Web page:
Remember, we and our colleagues in Greece are here to answer all of your questions and to help you every step of the way through the whole process - it is very straightforward.
Ideally, you will have with you:
- your passport
- a couple of recent utility bills
- if possible some proof of your tax number (e.g. P60 or tax return)
Once you have your offer accepted, we strongly advise you to appoint an English speaking lawyer, preferably one who is local as they will be on the spot to do searches and will know local laws and regulations. You do not want to be paying a distant lawyer's travel expenses. We can suggest some local English speaking lawyers whom previous clients have been happy with should you require - the choice is entirely up to you.
Once you have appointed your lawyer, a deposit (normally 10%) is required on signing the preliminary sale agreement. This agreement normally details the names of the parties, the price, a property description, the payment method and any agreed conditions
At this stage, if the vendor backs out after a pre-contract has been signed and deposit paid, you get your deposit back, plus they will often have to pay you an extra sum as a penalty. If you back out, you would lose your deposit. Of course if there is a problem with the property which stops the sale proceeding, you are entitled to your deposit back.
TIP: We always advise that you open up a Greek bank account for transferring money in to the country to purchase your property. The money does not need to stay there for any time but it is important that you keep the transmission details so that if the Greek tax man ever asks in the future, you can show them that the money was imported in to the country so that you do not have any tax implications.
Total purchase costs including taxes, all legal fees and expenses are now normally about 10% in total. The Greek government reduced purchase taxes by about 5% in 2014 which is a considerable saving and makes this a good time to buy. This 10% includes elements such as legal fees, transfer tax, notary fees, VAT, buyer's Estate Agent commission (normally 2-2.5% is standard in Greece), land registry.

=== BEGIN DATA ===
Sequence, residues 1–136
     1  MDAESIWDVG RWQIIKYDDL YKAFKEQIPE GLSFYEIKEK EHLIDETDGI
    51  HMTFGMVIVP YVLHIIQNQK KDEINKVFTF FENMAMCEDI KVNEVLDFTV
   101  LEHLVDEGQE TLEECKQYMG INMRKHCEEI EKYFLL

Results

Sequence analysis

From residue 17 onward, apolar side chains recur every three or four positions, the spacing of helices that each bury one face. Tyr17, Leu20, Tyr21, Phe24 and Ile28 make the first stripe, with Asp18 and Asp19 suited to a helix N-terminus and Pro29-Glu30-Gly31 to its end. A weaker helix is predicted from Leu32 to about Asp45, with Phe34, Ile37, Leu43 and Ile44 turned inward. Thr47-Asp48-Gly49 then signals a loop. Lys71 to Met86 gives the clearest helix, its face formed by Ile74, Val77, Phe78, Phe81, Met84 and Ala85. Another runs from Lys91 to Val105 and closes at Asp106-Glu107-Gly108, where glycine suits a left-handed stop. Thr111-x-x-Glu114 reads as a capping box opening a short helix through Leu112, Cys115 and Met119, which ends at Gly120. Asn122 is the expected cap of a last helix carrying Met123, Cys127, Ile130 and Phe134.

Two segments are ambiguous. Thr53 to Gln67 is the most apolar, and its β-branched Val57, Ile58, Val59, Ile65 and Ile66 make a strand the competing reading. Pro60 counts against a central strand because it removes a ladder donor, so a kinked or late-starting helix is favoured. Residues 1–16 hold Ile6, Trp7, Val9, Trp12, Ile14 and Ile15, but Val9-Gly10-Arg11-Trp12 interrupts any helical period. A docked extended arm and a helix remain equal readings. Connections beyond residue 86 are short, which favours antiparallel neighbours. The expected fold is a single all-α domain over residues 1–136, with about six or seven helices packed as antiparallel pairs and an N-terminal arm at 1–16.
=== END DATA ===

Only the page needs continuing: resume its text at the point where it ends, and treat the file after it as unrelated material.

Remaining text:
The exact purchase costs depend on a number of factors including the building license date and the exact location of property which is why there is a small variation, but your lawyer will calculate for you an exact amount and breakdown for your particular property purchase once you have selected the property.
For very cheap properties under 60,000 Euros, costs may occasionally exceed 10% as some minimum fees may come in to play and for more expensive properties, purchase costs can be less than 10%.
The Next Steps
The lawyers and the notary will start all the checks and prepare all the necessary paperwork which normally takes about 6-8 weeks.
For example, the lawyers and the notary should ensure that:
- There is clean title
- There is no money owing on the property
- The property matches the planning permission
- The building is signed off by an engineer
- The property is fully legal
Once all the checks have been made and the papers are ready and in order, completion can quickly take place. The Notary will have prepared an official contract which is then signed at their offices, in the presence of the lawyers representing both sides. If the customer decides not to be present, they can agree to a Power of Attorney for their lawyer to act on their behalf and under their instruction.
The balance of the monies are then transferred and the property title changes hands to complete the purchase.
(Please note that a bad Foreign Exchange rate can lose you about 4% if you use your local high street bank to transfer the funds - we work with a large, well established Foreign Exchange company to ensure that you get the best rates – details here).
Then the property is yours!
After the Purchase - Property Costs per Year are Very Small
Properties in Greece are nearly all freehold and once you have your new home, it is very cheap to look after. There are no big monthly or yearly taxes to worry about, you normally pay about 4 Euros (depending on location) per sqm of property (not the plot) per year, so for a 100 sqm property, this is just 400 Euros per year for the "council/municipal" tax equivalent - very little. There is a small charge for swimming pools depending on their size. Water and electricity are on the meter, so it depends on how much you use and solar panels can reduce costs even further.
These notes are only intended as a guide and are subject to our Terms and Conditions. You should only rely upon your own research and we always recommend the use of a lawyer.